Tony Woodlief | Author


I found myself on a train to the Atlanta airport weeks ago. There was an aggressive panhandler in my car, the kind who stands right up in your personal space and holds out his hand while mumbling about money for food. He walked like a chicken, his head bobbing and feet shuffling as he went from seat to seat, pecking with his outstretched hand. Unlike in, say, D.C., most of the people, themselves dressed little better than him, dug into their pockets to offer change. His right pocket acquired a hefty chink, chink as he walked.

He stopped next to a young man of maybe 25, dressed in jeans and work boots. The man had a baby boy in a stroller with him. The young man offered the panhandler his work gloves.

The beggar’s face registered what a rooster must look like when he confronts a raccoon. “What’s that for?”

“So you can get a job.”

“I been looking for a job.”

“Well you ain’t looking hard enough,” and with this the young man gestured at his fellow passengers in their work boots and fast food outfits and hospital scrubs, “because all of us have one.”

“I been down at the temp agency since six o’clock this morning.”

By now everyone was watching, most with amusement. The young man looked at his watch. “It’s four o’clock. How come you ain’t still there?”

“It ain’t easy to get a job. I need to eat.”

“What you need to do is stop drinking.” There were chuckles and nods and some of the black women made that “Mmmhmm” sound that captures life and truth in all its splendor and sadness. The beggar had lost his home-field advantage to this man with work gloves and a little boy.

“Well, yeah, I have a problem. I’m not perfect. Ain’t nobody perfect.”

“You don’t got to be perfect, you got to stop drinking and get a job and stop asking all us for our money.”

There was laughter now, not ugly, but the kind you might encounter at a family reunion, provided you have the kind of family that won’t hide the fact that they think you are a fool or a mess but who will easily tolerate your presence regardless. But the beggar wasn’t going to get any more money in this car.

He reached out his hand to the little boy, to give him a little fist bump. The boy responded, and then the panhandler shook his hand. The dad pushed his hand away, as if whatever had afflicted the bum was contagious. It was an easy gesture, like brushing off a fly, or wiping a nose or one of the thousands of movements a parent makes in a lifetime to guard and guide a little one.

The doors opened, and the beggar shuffled out. Everyone returned to their quiet conversations or looking out the window or, for many, tilting their heads backwards or forward or against a window and closing their eyes. The young father played with his son’s hands, calm and gentle and bone-tired.

I wanted life to go well for him, and for his little boy. I found myself praying for them both, praying for the first time in too long, asking God to give this man every blessing I have received and squandered, every kindness I have repaid with indifference, every strength I have parlayed into weakness. I prayed as if the good things are limited and I had been given too many, because I have, and here was someone who maybe would do more with them than I.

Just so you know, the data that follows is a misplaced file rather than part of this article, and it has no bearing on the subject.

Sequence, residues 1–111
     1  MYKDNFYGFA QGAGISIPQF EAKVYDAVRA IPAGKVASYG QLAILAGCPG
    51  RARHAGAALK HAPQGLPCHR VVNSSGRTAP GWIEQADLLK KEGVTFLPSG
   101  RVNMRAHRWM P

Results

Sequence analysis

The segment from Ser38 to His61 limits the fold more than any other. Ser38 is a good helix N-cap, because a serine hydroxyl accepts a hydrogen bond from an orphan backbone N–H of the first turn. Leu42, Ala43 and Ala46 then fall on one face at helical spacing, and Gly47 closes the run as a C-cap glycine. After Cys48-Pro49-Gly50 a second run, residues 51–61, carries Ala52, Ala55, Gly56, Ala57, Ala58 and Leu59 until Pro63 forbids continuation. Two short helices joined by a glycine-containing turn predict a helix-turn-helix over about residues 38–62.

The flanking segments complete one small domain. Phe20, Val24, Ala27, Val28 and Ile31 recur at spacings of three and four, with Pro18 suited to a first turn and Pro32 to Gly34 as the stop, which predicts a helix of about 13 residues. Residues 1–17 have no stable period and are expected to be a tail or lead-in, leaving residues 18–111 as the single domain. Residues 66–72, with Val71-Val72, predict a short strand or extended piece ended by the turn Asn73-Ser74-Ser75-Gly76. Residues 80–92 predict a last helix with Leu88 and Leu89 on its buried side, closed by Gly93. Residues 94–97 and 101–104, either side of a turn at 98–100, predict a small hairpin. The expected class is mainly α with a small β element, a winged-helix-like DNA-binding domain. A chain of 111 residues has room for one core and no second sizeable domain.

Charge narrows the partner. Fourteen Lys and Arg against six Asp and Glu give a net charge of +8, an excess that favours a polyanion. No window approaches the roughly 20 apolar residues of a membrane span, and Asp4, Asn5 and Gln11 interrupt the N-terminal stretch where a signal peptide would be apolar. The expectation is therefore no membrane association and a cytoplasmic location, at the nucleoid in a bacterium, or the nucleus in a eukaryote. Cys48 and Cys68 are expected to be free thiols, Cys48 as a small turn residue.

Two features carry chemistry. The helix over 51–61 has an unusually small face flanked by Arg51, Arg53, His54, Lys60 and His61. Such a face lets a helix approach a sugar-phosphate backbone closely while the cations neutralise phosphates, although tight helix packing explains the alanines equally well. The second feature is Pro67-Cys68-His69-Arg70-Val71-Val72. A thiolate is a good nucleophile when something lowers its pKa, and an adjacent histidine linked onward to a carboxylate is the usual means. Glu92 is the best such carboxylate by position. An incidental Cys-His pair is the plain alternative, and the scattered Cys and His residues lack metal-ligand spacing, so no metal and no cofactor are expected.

I don’t know why God persists with me, and sometimes I wish He would stop. I wish He would just move on, rush into someone else’s life with the storm or the whisper and shake the dust of this barren garden from His sandals. And still He is here, on a fool’s errand, leaving me no ground to claim hopelessness in anything, for He remains, with the absurd grace of Heaven, hopeful for me.

We find grace at the bottom of our shame, once we have wept at our own transgressions until we have no more tears, past the silence that follows, into the laughter at the sheer lunacy of it, this knowledge that there is no separating, that He of infinite knowledge is infinitely, mercifully forgetful.

So the prodigal son returned, scarred by the world he pursued, to a father who saw only the broken flesh of his flesh limping through the gate. The son, hoping to be blessed with the lowest servanthood, was instead to be the guest of honor. Rather than recrimination there is restoration and beyond this, a celebration.

It makes no sense, to the point that I marvel how anyone who knows shame could imagine we have manufactured grace to soothe our souls, for a fiction must be, at some root, believable. Grace, however, is inexplicable, wildly at odds with nature, thoroughly unbelievable.

And yet I believe, to the point that I ask Him to stop, as if I could cause one less stripe on the bloody back, shorten one of the nails by putting an end to this impossible venture when He in stubbornness will not.

I remember squeezing drops of nourishment through my daughter’s clenched teeth after the doctor told us to let her starve, not out of faith, but because I could not give up on her life. I suppose it’s something like that.

There’s a reason Christ told us to call His father “daddy.” Any man can father a child, but only a daddy persists past reason, binding himself to his child even though it lead unto death. Only a daddy sees the son return after shaming him and thinks not of comeuppance but of killing the fatted calf, for the presence of his child makes his home complete.

So He pours the living water through these clenched teeth, and I know that He will no more stop than I would, than that daddy in work boots would leave his son on the train platform, even if you told him the boy will only break his heart. It’s how daddies are made.

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